‘More than okay,’ she smiled. ‘Just keep me updated.’
‘Got it,’ Jim nodded, and Mrs. Beesly kissed Pam’s forehead before going away.
Jim sat near Pam’s bed and took her hand. Everything would be okay.
He saw the burning flesh and heard the scream full of anger. Jim twitched and woke up. He must have dozed off, and his memory sneeringly reminded him of the events of today’s morning.
‘Jim?’ Pam’s voice was small. He probably had squeezed her hand too tight and woke her up. ‘Is that you?’
‘Hey, Beesly,’ he greeted her with a gentle smile. ‘You scared the hell out of us all.’
‘Where am I?’ she asked weakly. ‘What happened?’
‘Well, you fainted at the office. And now you are at the hospital.’
She sat on the bed, panicked. At the sudden movement, her head spun, and she fell back on the pillow.
‘I need to go home,’ she said at last.
‘Pam, you can’t be serious,’ Jim replied, astonished. ‘Look at yourself! You can barely move without falling. You need to recover.’
Pam closed her eyes and shook her head, tears ran down her cheeks.
‘You don’t understand, Jim. It’s not… whatever, I just need to be there by night.’
‘You know, your mother went to get the restraining order for Roy,’ he said carefully. Pam smiled bitterly, and Jim’s heart squeezed at the sight of her calm hopelessness.
‘Oh, it probably helps,’ if Jim didn’t know her better, he wouldn’t recognize the sarcasm in her voice. ‘But I really, really need to get home.’
He wanted to tell her right now that Roy wouldn’t touch her anymore, that she did not need to rush in his lair and feed him so he couldn’t harm anyone else. He wanted to tell her all these things, but he couldn’t. She had to see herself that Roy had gone forever. And some part of him was afraid that Pam wouldn’t stay with him if she discovered his intervention.
‘I’ll drive you,’ he said quietly. Pam squeezed his hand briefly and wiped her tears.
They drove in silence. Pam showed him the direction, and he tried not to reveal that he’d known it already. The car stopped near the house, like just a couple of hours ago. Only now, the sun was low, and the shadows were long and dark.
‘Thanks for the ride,’ Pam closed her eyes, and Jim knew now how hard it was for her — to go home.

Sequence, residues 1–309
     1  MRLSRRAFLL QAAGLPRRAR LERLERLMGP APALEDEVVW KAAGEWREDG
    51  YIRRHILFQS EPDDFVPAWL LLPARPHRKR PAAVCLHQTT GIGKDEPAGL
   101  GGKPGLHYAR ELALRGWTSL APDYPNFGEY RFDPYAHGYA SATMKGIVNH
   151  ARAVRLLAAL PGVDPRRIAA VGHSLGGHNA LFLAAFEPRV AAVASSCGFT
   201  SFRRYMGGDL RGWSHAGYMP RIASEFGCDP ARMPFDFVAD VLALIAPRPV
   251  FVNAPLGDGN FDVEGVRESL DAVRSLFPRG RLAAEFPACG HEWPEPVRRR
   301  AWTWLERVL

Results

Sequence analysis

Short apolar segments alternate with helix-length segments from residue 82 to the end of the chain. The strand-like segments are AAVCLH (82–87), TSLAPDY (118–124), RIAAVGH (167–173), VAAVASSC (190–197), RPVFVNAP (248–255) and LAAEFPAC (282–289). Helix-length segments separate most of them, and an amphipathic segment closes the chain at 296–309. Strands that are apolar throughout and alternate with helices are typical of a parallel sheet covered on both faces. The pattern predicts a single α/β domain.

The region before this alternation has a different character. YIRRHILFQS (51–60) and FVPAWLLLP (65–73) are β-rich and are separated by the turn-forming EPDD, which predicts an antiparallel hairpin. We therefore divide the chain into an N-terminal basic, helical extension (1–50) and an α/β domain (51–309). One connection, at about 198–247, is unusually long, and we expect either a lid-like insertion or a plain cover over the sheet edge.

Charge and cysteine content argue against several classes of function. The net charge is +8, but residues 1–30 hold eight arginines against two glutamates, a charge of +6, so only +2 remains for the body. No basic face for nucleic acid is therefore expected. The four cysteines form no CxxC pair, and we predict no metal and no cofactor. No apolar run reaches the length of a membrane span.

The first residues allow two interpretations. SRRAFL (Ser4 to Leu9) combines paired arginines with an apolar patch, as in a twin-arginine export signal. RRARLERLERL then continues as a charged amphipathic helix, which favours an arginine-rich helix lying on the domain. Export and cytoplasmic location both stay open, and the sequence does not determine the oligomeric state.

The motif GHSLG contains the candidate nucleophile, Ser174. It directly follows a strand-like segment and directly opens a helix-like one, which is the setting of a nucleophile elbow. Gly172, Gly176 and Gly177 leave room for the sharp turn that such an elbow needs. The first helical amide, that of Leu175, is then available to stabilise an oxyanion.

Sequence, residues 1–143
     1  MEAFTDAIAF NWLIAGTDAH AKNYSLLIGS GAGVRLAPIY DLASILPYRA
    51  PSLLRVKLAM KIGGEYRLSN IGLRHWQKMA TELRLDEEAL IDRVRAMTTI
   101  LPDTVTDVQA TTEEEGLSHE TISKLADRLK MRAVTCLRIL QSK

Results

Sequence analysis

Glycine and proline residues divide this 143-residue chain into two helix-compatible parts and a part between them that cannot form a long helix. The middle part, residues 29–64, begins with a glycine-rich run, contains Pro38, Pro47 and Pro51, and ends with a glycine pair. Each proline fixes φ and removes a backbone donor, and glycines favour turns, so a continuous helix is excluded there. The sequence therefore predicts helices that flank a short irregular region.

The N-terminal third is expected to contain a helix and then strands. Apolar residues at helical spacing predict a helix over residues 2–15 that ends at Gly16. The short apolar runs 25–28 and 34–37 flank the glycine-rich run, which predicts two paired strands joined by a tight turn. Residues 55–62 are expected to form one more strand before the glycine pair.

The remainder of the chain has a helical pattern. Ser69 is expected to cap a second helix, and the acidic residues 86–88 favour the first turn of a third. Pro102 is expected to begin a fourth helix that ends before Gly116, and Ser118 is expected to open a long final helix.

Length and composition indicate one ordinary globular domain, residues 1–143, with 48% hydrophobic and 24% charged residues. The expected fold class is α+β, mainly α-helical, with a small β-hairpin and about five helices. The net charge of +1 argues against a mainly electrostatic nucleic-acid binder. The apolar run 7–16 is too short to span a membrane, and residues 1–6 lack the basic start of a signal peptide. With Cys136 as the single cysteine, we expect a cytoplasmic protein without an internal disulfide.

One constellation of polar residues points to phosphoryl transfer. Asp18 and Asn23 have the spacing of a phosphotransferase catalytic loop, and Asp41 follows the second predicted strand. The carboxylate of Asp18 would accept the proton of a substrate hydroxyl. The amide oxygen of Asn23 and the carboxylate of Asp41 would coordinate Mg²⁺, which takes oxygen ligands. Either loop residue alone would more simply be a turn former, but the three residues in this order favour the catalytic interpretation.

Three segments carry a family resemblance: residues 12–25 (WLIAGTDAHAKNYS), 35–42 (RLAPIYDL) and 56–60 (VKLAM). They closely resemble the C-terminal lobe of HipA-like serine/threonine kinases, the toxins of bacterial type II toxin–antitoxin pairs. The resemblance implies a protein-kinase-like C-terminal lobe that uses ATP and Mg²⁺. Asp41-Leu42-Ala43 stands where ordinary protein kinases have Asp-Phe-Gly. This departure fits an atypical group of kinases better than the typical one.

‘Pam, please. Don’t go. Or, may I come with you?’
She shook her head and opened the door.
‘Good night, Jim.’
And he watched as she walked to the house and disappeared inside. He suppressed the urge to go after her. But he started the ignition and drove away instead.
He passed three or four blocks when his phone rang.
‘Um.. hey, Jim,’ her voice was muted and hiccupy as if she cried or laughed hysterically a lot. ‘Sorry to bother you, but… may I crash on your couch tonight?’
He closed his eyes for a moment and thanked silently whatever numen had helped him.
‘Of course, Beesly,’ he said, turning the steering wheel. ‘Anytime.’
She told everybody that Roy had left her, and it wasn’t even a lie. He had left her, turning into a pile of ash and dirty clothes on her comforter, but only Pam and Jim knew about it. And he prayed she would never find out that he knew it too.
The house belonged to Roy, but even if it were hers, she wouldn't stay there longer than for the time she needed to pack her belongings. Jim helped her to move out. She didn’t invite him to come inside, and he didn’t insist. All the things she was willing to take with her into a new life fit into a backpack.
Her eyes were red and puffy for about a month. Kelly pitied her in her usual style — by telling more and more about what a pig Roy was, that Pam must be totally over him and she should — not must — have started to date some cute boys. Every time Angela heard that she hissed at Kelly and said that Pam had been almost left at the altar and she had to have her time to grieve. This gruff care didn't stop her though about asking what Pam had done to Roy to make a good man do such a horrible and humiliating deed.
No one of them noticed a tangible relief that radiated from her every move, from every weary smile. No one but Jim. He was watching her patiently, as she was healing, slowly, day by day, returning to the version of herself he saw only on the old pictures. His heart skipped a beat when she had her hair up one day; his fingers tingled with the desire to touch the skin of her arms every time she wore short-sleeved blouses. But Jim knew it wasn’t right. Not now, not when she wasn’t ready yet.
One day they stayed late, buried in the paperwork, trying to cover for Michael’s folly. Jim groaned and dropped his head on the pile of paper on his desk. Pam giggled.
‘That bad, huh?’ she said.
‘Believe me, I know so many more exciting ways to spend a Thursday evening,’ he muttered, not lifting his head from the table.
‘Let me guess — this task postponed your thrilling exploration of the NBC content?’
‘Maybe,’ Jim lifted his head and rested his cheek on his open palm. ‘I bet you planned something equally thrilling.’
‘I’m still planning,’ she grinned. ‘I’m going to find the biggest mug of coffee that could be served in this city. When I finished with this, of course.’
She flourished her hand at the piles on her counter.
‘Good luck with it,’ he was about to return to his papers when Pam spoke again.
‘Yeah. Wanna… um... join me?’ her voice had the same cheerfulness, but Jim noticed the blush coloring her cheeks. He was sure that she could have heard the pounding of his own heart.
‘To find the biggest mug of coffee? Hmmm, that might be tricky,’ Jim said with forced nonchalance. ‘I’m in.’
‘Great,’ she smiled the big happy smile.
‘Great,’ his grin was the same.
Sometimes he dreamed of burning flesh and inhuman screams and woke up in cold sweat. But her warm hands held him tight, and her kisses comforted him, and her voice lulled him back into the peaceful sleep.
And he knew he had done the right thing even if it would haunt him till the rest of his days.